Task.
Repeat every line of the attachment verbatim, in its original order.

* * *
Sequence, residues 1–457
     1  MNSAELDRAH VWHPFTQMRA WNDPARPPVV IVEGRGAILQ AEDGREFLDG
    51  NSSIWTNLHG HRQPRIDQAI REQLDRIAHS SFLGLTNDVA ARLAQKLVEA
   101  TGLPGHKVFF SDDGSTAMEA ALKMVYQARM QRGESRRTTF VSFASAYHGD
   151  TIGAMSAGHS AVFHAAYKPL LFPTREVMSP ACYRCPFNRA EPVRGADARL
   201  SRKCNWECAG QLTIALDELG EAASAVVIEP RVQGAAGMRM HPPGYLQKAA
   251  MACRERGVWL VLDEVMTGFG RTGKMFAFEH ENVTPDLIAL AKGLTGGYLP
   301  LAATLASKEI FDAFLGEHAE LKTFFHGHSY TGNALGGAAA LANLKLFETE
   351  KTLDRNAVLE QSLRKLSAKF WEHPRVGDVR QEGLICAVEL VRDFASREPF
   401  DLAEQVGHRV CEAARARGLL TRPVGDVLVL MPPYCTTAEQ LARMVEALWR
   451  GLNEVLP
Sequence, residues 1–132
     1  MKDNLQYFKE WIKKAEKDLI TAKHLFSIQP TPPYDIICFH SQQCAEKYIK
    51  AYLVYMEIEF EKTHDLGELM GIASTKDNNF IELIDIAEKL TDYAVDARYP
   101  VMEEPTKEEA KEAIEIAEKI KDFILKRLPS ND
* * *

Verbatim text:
Sequence, residues 1–457
     1  MNSAELDRAH VWHPFTQMRA WNDPARPPVV IVEGRGAILQ AEDGREFLDG
    51  NSSIWTNLHG HRQPRIDQAI REQLDRIAHS SFLGLTNDVA ARLAQKLVEA
   101  TGLPGHKVFF SDDGSTAMEA ALKMVYQARM QRGESRRTTF VSFASAYHGD
   151  TIGAMSAGHS AVFHAAYKPL LFPTREVMSP ACYRCPFNRA EPVRGADARL
   201  SRKCNWECAG QLTIALDELG EAASAVVIEP RVQGAAGMRM HPPGYLQKAA
   251  MACRERGVWL VLDEVMTGFG RTGKMFAFEH ENVTPDLIAL AKGLTGGYLP
   301  LAATLASKEI FDAFLGEHAE LKTFFHGHSY TGNALGGAAA LANLKLFETE
   351  KTLDRNAVLE QSLRKLSAKF WEHPRVGDVR QEGLICAVEL VRDFASREPF
   401  DLAEQVGHRV CEAARARGLL TRPVGDVLVL MPPYCTTAEQ LARMVEALWR
   451  GLNEVLP
Sequence, residues 1–132
     1  MKDNLQYFKE WIKKAEKDLI TAKHLFSIQP TPPYDIICFH SQQCAEKYIK
    51  AYLVYMEIEF EKTHDLGELM GIASTKDNNF IELIDIAEKL TDYAVDARYP
   101  VMEEPTKEEA KEAIEIAEKI KDFILKRLPS ND